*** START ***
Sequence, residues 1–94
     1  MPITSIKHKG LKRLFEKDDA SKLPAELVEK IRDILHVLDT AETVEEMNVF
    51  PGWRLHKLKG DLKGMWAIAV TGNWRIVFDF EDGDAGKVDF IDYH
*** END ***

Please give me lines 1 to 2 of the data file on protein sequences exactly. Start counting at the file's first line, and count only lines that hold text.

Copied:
Sequence, residues 1–94
     1  MPITSIKHKG LKRLFEKDDA SKLPAELVEK IRDILHVLDT AETVEEMNVF